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Beginning on August 10, 2016, Colorado employers will be relieved of the additional state verification and retention obligations related to the Form I-9, Employment Eligibility Verification.Since January 1, 2007, Colorado employers have been required to verify the work authorization of all newly hired employees—in essence, comply with federal I-9 requirements.However, Colorado added requirements on top of those for the Form I-9: the completion and retention of a written or electronic version of an entirely separate affirmation form, and retention of copies of the identity and work authorization documents presented by the employee during the I-9 process. More than 200 employers have been subject to fines under the law and more than 7,000 random audits were conducted. The law called for fines between $5,000 and $25,000.House Bill 16-1114, signed into law by Governor John Hickenlooper, eliminates the additional verification and retention obligations for Colorado employers.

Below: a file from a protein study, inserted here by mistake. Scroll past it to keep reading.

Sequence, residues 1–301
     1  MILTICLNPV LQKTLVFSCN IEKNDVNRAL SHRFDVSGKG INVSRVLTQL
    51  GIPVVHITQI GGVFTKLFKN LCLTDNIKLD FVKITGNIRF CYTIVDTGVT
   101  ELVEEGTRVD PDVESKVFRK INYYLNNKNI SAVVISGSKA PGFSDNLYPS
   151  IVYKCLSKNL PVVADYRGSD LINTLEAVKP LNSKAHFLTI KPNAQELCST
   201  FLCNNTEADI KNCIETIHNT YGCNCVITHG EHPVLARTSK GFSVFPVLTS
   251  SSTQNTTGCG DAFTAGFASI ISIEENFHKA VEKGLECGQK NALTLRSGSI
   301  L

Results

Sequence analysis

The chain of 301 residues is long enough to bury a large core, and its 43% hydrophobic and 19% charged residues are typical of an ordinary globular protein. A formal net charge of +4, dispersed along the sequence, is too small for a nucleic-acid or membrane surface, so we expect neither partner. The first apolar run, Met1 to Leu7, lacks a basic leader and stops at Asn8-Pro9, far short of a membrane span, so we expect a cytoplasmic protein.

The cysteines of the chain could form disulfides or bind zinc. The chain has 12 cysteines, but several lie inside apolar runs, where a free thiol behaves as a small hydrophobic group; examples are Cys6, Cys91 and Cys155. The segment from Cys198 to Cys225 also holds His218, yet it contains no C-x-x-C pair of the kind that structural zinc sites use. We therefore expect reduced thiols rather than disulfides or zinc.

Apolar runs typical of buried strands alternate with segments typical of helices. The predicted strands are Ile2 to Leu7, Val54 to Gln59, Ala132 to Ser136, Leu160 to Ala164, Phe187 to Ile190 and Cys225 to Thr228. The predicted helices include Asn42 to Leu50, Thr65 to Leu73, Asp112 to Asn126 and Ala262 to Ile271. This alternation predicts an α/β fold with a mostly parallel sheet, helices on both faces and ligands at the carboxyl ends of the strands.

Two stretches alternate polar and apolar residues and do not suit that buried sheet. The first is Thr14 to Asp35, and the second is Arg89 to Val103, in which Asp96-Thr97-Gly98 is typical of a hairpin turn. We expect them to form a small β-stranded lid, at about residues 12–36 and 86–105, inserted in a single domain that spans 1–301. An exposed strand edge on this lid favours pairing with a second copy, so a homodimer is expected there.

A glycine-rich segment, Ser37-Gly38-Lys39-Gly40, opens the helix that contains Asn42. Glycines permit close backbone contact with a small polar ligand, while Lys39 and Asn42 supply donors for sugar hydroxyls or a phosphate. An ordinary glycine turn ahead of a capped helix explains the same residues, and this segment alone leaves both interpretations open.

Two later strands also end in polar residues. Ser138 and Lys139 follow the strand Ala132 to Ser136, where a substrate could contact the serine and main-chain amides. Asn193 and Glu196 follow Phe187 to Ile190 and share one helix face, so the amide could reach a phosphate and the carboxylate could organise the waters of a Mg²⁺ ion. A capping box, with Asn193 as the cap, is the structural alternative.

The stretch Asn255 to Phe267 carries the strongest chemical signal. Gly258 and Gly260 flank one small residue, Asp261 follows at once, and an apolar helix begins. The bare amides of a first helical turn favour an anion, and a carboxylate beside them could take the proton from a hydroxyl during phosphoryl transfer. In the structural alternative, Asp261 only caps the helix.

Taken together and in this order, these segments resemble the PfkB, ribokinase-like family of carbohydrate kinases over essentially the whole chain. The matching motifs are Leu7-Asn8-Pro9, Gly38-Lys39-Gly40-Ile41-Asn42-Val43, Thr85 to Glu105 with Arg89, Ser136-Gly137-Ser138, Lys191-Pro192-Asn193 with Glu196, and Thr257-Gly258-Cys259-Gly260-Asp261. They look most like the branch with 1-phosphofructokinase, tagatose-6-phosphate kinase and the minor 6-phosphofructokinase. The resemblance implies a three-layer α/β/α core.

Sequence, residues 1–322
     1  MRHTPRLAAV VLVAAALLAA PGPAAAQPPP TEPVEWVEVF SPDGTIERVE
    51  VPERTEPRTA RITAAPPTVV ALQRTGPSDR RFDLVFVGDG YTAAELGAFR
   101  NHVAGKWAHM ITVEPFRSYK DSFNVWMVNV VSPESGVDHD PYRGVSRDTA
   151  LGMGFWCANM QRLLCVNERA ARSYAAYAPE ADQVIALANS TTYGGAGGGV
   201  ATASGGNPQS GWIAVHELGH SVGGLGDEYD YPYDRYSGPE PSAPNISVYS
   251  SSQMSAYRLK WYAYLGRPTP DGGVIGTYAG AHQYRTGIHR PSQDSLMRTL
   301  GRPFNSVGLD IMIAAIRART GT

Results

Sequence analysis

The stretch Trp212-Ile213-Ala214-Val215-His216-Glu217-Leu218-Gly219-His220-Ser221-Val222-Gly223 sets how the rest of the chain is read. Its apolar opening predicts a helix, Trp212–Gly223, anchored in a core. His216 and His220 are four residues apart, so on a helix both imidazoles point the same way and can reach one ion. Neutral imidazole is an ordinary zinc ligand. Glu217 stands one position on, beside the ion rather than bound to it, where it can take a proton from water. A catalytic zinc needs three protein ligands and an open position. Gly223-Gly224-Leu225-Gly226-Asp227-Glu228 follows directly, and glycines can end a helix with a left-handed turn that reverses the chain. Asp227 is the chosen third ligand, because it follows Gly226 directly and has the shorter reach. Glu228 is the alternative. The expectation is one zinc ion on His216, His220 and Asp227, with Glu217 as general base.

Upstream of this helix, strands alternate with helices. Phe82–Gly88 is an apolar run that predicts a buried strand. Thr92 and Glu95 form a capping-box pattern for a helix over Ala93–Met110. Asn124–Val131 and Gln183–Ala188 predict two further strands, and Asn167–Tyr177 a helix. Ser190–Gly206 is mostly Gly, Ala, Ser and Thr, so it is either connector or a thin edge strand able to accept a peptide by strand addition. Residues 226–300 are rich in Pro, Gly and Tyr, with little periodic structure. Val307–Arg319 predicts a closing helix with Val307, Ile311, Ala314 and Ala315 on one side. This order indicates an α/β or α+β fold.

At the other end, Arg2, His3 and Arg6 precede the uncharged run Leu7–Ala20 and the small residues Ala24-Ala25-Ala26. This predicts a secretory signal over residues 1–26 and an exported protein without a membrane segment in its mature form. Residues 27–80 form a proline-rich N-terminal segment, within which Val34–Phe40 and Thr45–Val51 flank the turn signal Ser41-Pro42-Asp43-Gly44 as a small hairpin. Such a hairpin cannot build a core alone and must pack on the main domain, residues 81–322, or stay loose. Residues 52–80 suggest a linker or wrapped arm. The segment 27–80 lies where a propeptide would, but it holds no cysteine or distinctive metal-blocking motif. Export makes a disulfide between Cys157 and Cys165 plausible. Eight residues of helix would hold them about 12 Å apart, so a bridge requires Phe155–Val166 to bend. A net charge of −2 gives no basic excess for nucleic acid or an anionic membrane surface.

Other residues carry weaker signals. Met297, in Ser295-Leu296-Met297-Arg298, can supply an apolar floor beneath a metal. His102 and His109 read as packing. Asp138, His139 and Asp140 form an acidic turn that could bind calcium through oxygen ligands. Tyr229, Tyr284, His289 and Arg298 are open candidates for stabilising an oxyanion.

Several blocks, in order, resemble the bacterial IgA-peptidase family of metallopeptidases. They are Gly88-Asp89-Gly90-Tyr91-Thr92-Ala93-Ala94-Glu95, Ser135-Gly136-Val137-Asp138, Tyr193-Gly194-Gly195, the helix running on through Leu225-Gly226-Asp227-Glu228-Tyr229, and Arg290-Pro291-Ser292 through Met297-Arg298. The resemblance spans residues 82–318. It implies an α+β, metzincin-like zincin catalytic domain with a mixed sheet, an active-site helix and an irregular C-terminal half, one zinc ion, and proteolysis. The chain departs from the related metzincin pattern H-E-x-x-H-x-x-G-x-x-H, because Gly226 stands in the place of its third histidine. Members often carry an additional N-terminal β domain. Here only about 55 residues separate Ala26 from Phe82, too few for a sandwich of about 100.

Employers in Colorado can take the following steps to prepare for the upcoming change in the law:
Continue to complete the affirmation form and retain documents as required by the law for all newly hired employees until August 10, 2016.
Create a plan to phase out the use of the affirmation form.
Assess and decide whether to continue to keep copies of I-9 identity and work authorization documents after August 10, 2016, or whether to stop since it is no longer required by law. It may be necessary to consult counsel about the advantages and disadvantages to the practice of retaining I-9 supporting documents.
Continue to retain the additional affirmation form for active employees hired between January 1, 2007, and August 10, 2015. The law is silent regarding the requirement to retain the form, but it would be prudent to do so since the agency does retain the power to conduct an audit.
Use this time to review current I-9 practices and processes and audit I-9s to ensure compliance with federal laws.
In a time when employers are seeing growing administrative requirements, this law is a welcome change.Nicola Ai Ling Prall is an attorney with Jackson Lewis in Raleigh, N.C. © Jackson Lewis. All rights reserved. Reposted with permission.
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